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Monday, February 14, 2011

The Valentine's Lesson

Last night it was revealed to us, just minutes before prayer, that our nine-year-old daughter was short a FEW Valentine cards/lollipops for her classmates. Here's the problem: she had a box of 30 Sponge Bob cards and 30 heart-shaped lollipops. There are 23 students in her class and one teacher. I wasn't the top student in Math throughout my education but... she had enough to go around and she should have have six left.
Well she showed us the box- did I mention she brought this to our attention just before going to bed the night before Valentine's Day? There were 25 cards and six lollipops. Daddy looked like he wanted to touch the cards and candy, produce a miracle and multiply them. Our last name does begin with a J but... the only thing we could do was make a trip to a store.
We weren't about to do that. She had to learn.
I could just picture her with her feet up, laughing at us- I mean a cartoon- suckiing on lollipops... with her brother beside her, biting his.
I snapped out of it when Daddy said, "You know what! You just go in there and fill out your cards and you will have to explain to your friends why you gave them a Sponge Bob card with two holes in it but no lollipop!"
I hadn't thought of that.
So she went in her room and filled them out.
Five minutes later...
"Mommy, Daddy! I need two more cards."
We looked at each other. Then at her.
"Why?" we asked in unison.
"Well I messed up on two of them," she softly replied.
Daddy looked through the cards. Pulled one out of the deck as if he were David Blaine.
"Why would you write your name on a card and from yourself?"
I was done.
So we told her she would have to explain to the two friends who were left, why they didn't get a card with two holes in it nor any candy.

When I picked them up from school this afternoon she skipped to the van with a wide smile on her face.
She slid the door closed, buckled her belt and began cheerfully revealing how much fun she and her classmates had.
"Mommy, guess what?"
I didn't answer. It didn't matter.
"My friends loved my Valentine cards! They liked them because they were Sponge Bob!" Then she went on and on talking with her brother the entire way home, about their day.

Sunday, February 13, 2011


Parenting can be so difficult at times. We want to teach them to do the right things in myriad situations especially when we are not around. We are supposed to prepare them to live and be productive citizens in this crazy world one day. Sometimes the lessons I try to teach just miss or get interpreted incorrectly.
Our little seven-year-old has gone through some funny stages: at three we caught him debating with his young daycare teacher... regularly. Just picture a vertically-challenged, curly-haired, almond-shaped, tight-eyed boy sitting at a table- feet dangling- eating mac-n-cheese and in between bites telling his 21-year-old teacher, "Call my Mama! Just see what's gone happen!" (chewing) "Don't call my Daddy 'cause he at work." I think he was just being a little James Dean because he was used to being at home with Mommy. Him- I mean he wasn't ready for Mommy to go back to work. Then when he reached kindergarten, he was definitely a lot more reserved and definitely eliminated the defiance at daycare.
In first grade teachers- everyone- thought he walked on water. Now that we have moved and he is in second grade he has so timid and easily scared by many things, not just Chick-fil-A, Disney characters and Chuck-E-Cheese.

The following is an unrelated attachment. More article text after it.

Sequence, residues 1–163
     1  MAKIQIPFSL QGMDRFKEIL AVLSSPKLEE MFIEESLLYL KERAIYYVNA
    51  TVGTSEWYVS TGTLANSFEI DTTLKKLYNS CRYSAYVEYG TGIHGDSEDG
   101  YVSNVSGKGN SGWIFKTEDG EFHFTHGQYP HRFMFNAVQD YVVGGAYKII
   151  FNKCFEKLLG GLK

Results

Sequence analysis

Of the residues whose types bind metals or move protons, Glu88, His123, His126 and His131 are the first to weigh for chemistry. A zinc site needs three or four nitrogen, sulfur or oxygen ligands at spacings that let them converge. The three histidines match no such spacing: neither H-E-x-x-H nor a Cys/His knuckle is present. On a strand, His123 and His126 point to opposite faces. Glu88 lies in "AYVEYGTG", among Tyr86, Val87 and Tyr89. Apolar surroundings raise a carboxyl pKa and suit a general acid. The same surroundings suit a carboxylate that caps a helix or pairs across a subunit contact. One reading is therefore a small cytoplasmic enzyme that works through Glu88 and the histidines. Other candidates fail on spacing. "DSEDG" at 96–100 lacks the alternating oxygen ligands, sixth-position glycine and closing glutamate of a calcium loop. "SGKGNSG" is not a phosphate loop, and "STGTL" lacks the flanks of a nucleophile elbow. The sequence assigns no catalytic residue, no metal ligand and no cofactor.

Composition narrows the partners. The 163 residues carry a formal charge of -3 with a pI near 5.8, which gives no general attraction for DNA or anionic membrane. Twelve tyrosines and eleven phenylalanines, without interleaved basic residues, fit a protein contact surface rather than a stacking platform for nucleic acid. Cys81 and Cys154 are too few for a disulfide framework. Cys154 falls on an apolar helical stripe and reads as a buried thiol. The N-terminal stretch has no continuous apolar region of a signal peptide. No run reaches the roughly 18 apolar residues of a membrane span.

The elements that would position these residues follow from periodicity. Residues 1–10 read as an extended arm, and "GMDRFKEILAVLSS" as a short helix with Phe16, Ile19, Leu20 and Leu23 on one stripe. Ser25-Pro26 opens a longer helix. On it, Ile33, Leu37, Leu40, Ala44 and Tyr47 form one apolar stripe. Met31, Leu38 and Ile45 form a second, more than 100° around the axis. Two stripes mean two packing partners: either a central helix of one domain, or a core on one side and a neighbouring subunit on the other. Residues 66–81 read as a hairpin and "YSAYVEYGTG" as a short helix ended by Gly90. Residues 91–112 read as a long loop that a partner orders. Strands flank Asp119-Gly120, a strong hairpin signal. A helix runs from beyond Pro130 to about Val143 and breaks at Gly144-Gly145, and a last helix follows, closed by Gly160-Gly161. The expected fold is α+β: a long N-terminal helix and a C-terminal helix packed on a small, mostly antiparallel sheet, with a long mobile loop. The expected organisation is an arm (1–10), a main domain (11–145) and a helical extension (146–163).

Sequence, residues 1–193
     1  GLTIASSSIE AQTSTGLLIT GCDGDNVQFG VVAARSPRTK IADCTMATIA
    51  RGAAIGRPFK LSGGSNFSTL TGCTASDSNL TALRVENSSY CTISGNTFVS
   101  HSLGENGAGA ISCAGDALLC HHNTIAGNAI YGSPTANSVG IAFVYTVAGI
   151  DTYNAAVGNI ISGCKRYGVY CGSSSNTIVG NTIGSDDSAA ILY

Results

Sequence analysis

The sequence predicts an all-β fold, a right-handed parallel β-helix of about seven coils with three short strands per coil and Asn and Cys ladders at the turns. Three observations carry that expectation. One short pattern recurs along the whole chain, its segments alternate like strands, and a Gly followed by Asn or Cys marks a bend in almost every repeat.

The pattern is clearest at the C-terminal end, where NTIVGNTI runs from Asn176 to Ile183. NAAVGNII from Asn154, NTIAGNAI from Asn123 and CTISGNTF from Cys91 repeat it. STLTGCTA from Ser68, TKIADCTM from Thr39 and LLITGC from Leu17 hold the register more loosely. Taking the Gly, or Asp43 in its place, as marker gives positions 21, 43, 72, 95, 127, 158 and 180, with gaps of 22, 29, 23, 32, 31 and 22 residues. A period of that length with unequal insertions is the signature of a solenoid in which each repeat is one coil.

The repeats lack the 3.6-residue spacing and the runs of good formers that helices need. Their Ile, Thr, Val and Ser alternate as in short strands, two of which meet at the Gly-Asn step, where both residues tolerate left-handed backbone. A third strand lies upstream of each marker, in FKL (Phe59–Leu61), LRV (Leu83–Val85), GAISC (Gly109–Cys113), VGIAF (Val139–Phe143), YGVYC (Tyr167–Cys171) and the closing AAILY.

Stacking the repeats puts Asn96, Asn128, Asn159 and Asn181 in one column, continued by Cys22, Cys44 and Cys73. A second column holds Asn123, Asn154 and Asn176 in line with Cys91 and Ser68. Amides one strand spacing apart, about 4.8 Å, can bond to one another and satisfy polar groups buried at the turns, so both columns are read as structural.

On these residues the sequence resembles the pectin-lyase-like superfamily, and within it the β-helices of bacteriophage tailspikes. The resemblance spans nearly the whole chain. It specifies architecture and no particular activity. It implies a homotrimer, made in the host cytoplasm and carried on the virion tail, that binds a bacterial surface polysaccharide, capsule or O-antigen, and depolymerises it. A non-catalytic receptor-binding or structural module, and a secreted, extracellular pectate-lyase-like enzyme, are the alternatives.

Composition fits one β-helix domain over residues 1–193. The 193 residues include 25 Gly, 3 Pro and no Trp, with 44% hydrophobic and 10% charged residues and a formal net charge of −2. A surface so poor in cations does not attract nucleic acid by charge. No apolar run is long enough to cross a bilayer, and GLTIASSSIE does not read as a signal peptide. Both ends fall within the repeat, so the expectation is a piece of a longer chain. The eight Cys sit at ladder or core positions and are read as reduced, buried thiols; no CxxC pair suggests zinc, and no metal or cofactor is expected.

So Daddy and I are always talking to him about standing up for himself. Teaching kids to stand up for themselves can be tricky because while we are cognizant of bullying we don't want to teach fighting. Unfortunately a child could be targeted, even in the best elementary schools, if he or she doesn't stand up to others. Just the other day he was asking us if we thought he was tough.
It took us some time to teach him to ride a bike because he was so scared to fall. Understandable I guess. So we gingerly helped him to ride by basically WALKING beside him as he rode around our grassy yard with his helmet on. Sharp contrast to how I learned. My mom removed the training wheels, put me on my bike at the top of a small hill in our neighborhood and said, "You better ride this bike or you gone bust your head in front of all yo' friends out here!" Just before pushing me off. No holding the bike up while I rode around. Didn't have a helmet either. But I learned how to ride my bike with Aces and Spades clothes-pinned to the spokes of my tires, flapping in the breeze.
Tuesday when I picked the kids up from school, our son immediately got my blood pressure up. "Mama... I got into a fight today on the playground!" he told me with slight excitement.
"WHAT?" I panicked.
"Well we were playing Vampires and Werewolves and this girl named ******* kept putting her hands on me so I pushed her."
I felt like I had vertigo... "You got into a fight with a girl?"
I'm driving out of the school parking lot- looking at the road and at him sitting in the seat behind the front passenger seat- feet still dangling.
"Well she wouldn't stop touching me."
Shaking my head. Trying to make sense of it.
"Then me and ****** picked up a rock and acted like were gonna hit her."
I swerved.
"What!!!!" Couldn't believe it. "What did I tell you about being a follower?" I yelled.
"No Mama... I picked up a rock first!"
I was livid.
I cannot believe your teacher didn't call me.
"We had a substitution. I think she was 92-years-old and she don't like tattle-tales," he somberly said.
Then he leaned over toward his sister and disappointingly said, "I thought Mama and Daddy would be proud that I got into a fight."